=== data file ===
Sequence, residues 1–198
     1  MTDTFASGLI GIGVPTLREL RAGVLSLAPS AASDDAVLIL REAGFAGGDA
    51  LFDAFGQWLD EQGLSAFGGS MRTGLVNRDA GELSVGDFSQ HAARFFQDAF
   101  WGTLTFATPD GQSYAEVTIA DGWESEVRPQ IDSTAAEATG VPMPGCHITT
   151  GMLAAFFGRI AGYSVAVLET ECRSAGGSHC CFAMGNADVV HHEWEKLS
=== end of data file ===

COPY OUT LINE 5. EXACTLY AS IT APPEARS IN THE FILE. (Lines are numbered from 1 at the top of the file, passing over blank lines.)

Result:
   151  GMLAAFFGRI AGYSVAVLET ECRSAGGSHC CFAMGNADVV HHEWEKLS